TH: On that same note, The EDM scene has seen a growth of a different genre each year the past few years starting with dubstep then drumstep then moombahton, then trap. What do you foresee being the next big thing in EDM?
Chris: It’s funny that you just mentioned a whole bunch of genres. When you think of the term EDM, none of those compare to trance and progressive house or even make a dent in EDM. EDM is festival house music. For instance, Swedish House Mafia (vocal progressive house) and Armin Van Buuren (trance). Those genres are still relatively underground. Artists who make bass music, while they are playing big crowds compared to what they were in the past, are still only playing to 2,000 – 3,000 people shows on tours. That’s still only like Slayer (metal band) size, which is still underground. Slayer is not a crossover commercial heavy metal by any means. I would say that none of those genres were the next big thing in EDM. That being said, in the more underground genres of EDM that you mentioned, I think the cool thing now is to not actually be of a certain genre. Play a little bit of everything. (Jon is saying “You have a whole artists space coming up”). When you think about an artist like Excision, you go to his show and he will play like 20 minutes of dubstep. The rest of it is electro house, drum n bass, drumstep, and 110. People play all over the place. It’s cool because artists sounds can come across in multiple genres not just one at one BPM, that’s boring. My prediction is that people will be more free and open with what they do. We will see Drum and Bass come back a little bit and the harder-edge electro House is due for a comeback as well.
TH: You guys have an electro house side project right? Hot Pink Delorean?
Chris: I wouldn’t say have, I’d say had. At this point there are no plans for Hot Pink Delorean, we are tied up with Terravita releases and touring and are booked through 2015. Not saying they will never come back, we just had to choose what group to focus on and we didn’t like the way some of the electro was going creatively. We didn’t want to swim upstream.
TH: How do you work together when you all can’t be together in every studio session?
Chris: Matt is the main production engineer and Jon does the vocals. We get together when we can and bend stuff around when we have too. Lately we have decided to stop touring by airplane and are doing it by ground, which allows us to all be together. It’s allowing us to do a whole new show. We’re not Djing these shows, we doing little samplers and playing from remix decks. It’s new and a little crazy but allows us to play through a lot more tracks. Right now we are playing through somewhere around 90 tracks in an hour and a half. We are also playing parts of some of those live. It allows us to do that and be together on the road while we are making music.
TH: How do you prepare for your live tours?
Chris: We get together and come up with a set. We try to incorporate what songs go where and practice. We try to incorporate music from other genres including Jimmy Hendrix etc., all different kinds.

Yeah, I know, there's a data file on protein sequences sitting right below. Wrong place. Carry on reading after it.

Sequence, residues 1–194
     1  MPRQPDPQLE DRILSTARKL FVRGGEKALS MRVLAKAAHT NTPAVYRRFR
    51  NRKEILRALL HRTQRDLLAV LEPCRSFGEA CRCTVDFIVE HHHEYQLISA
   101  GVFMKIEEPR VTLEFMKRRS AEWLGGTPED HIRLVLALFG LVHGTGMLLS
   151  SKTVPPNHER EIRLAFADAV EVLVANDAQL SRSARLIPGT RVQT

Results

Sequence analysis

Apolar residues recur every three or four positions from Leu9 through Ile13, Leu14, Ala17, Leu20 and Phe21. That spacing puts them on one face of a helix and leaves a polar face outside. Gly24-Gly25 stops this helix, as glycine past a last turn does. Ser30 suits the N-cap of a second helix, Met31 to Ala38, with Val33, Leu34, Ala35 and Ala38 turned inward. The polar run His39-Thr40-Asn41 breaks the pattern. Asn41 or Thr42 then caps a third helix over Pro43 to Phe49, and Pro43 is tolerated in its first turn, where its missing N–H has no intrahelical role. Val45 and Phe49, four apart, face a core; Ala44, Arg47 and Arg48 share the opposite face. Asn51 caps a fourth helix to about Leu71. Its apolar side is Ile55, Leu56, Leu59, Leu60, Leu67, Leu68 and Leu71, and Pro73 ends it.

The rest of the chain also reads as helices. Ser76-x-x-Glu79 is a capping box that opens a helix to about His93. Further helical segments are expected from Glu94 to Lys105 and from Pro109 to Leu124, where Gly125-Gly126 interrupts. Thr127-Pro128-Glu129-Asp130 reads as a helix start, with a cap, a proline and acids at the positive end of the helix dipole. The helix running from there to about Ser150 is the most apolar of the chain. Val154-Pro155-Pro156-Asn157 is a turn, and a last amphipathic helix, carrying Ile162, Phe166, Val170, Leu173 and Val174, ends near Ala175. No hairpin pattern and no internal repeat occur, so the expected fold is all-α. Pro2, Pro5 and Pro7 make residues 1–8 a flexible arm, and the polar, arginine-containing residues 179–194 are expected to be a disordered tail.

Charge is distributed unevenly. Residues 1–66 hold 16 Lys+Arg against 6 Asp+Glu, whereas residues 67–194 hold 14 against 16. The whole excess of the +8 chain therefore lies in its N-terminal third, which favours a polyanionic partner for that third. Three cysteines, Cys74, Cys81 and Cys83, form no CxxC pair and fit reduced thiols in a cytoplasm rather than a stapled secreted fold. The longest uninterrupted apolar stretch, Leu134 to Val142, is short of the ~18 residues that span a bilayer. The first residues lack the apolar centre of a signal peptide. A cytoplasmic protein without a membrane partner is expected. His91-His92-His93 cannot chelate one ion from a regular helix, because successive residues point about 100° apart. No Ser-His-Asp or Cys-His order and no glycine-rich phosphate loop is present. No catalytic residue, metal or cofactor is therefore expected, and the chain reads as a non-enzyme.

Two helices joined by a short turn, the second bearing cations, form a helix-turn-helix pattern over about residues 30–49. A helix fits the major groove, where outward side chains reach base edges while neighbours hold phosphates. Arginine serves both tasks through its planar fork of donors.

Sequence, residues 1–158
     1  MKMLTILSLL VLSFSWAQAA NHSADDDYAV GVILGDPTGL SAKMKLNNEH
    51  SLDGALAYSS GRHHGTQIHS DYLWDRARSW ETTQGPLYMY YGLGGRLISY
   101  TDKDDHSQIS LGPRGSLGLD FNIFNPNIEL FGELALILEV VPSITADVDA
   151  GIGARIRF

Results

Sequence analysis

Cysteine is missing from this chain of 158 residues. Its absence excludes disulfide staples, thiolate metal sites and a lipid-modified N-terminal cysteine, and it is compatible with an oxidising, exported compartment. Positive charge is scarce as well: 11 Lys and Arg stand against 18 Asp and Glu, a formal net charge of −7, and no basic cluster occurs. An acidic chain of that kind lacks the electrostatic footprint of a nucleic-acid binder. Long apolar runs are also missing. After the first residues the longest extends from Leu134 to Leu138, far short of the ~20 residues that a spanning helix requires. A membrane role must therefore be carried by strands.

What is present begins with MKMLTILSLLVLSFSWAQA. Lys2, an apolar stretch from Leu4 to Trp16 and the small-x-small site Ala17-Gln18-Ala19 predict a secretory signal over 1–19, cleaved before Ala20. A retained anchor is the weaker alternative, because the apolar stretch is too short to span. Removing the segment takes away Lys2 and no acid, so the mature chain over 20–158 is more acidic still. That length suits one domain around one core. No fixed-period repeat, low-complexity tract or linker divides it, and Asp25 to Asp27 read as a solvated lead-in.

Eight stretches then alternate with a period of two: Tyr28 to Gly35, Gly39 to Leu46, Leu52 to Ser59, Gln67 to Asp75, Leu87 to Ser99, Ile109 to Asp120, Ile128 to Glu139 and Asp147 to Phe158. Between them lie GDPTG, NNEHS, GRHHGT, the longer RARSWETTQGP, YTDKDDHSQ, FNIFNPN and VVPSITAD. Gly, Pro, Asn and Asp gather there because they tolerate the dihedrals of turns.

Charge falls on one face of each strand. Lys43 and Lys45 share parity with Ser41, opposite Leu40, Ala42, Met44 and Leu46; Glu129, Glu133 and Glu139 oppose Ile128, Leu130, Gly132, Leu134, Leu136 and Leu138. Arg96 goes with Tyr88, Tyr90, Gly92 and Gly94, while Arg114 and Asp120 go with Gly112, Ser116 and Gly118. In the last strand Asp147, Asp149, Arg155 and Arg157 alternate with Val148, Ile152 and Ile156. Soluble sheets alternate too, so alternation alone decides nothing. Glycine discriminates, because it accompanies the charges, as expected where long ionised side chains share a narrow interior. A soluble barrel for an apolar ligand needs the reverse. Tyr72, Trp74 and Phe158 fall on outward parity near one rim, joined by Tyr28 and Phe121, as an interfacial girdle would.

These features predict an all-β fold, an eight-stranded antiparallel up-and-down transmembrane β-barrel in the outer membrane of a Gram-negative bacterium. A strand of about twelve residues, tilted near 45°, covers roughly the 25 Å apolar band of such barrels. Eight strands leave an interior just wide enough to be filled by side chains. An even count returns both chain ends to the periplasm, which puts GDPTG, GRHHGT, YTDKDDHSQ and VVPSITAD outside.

“Never write something like “I’m a 16 year old whatever producer from wherever. This is my first song. Can you listen to it?” Don’t bother if you’re 16, wait six years and send it to me when you’re really awesome.”
TH: What’s your favorite and least favorite thing about being on the road?
Chris: Favorite thing – Getting to play our music in front of our fans.
Least Favorite – Driving and flying and being away from home.
It’s a pretty sweet two or three hours a night when you are playing. But when you are sitting in Holton, Kansas at a Days Inn which is the next hotel in 45 miles in both directions and all there is to eat is whatever is at the truck stop, that’s our least favorite thing about touring.
TH: If you had to give up music, what would be your go to occupation?
Chris: I have a degree in Entrepreneurship, so it would be something business related. I would probably end up somewhere in the music industry behind a desk instead of in front of the crowd. Jon would probably end up opening a restaurant or a bar. He was in the food industry for a while. I have no clue what Matt would do.
TH: We have been seeing a lot of DJ and Producer schools popping up everywhere. What is your advice for up and coming performers?
Chris: Learn how to make music and learn from as many reliable sources as possible. Never send out your music until it’s done and it’s as good as the artists that you look up to. If it’s not, then it’s going to get one listen and people are going to label you in their minds as someone they don’t need to listen too. It’s hard to shake that label. Try to find the proper channels to get people your music instead of spamming their Facebook or sending them a message on Soundcloud. The people that are worth sending your music to get so much of other peoples music that they just won’t even listen to it. You have to get it in the right hands of the right people in the right way. Make sure it’s done before you give it to them. Never write something like “I’m a 16 year old whatever producer from wherever. This is my first song. Can you listen to it?” Don’t bother if you’re 16, wait six years and send it to me when you’re really awesome. There’s no rush and everyone needs to realize that. Collect as much info as possible before even bothering to move ahead.